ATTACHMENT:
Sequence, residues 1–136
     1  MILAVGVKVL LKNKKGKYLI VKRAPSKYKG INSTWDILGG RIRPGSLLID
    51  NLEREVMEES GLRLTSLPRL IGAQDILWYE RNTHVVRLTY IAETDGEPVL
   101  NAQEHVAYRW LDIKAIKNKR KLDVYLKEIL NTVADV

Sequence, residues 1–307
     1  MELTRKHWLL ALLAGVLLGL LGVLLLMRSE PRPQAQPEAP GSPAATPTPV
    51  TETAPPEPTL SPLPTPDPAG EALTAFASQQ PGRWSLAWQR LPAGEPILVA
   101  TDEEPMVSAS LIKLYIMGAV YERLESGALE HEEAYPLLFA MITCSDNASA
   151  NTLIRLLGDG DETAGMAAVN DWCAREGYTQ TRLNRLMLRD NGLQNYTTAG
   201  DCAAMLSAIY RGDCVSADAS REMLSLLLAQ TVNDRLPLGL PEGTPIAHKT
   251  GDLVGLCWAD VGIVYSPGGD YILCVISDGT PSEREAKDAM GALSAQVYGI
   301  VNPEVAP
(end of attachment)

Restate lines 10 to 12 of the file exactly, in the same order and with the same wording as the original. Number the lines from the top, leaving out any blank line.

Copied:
   201  DCAAMLSAIY RGDCVSADAS REMLSLLLAQ TVNDRLPLGL PEGTPIAHKT
   251  GDLVGLCWAD VGIVYSPGGD YILCVISDGT PSEREAKDAM GALSAQVYGI
   301  VNPEVAP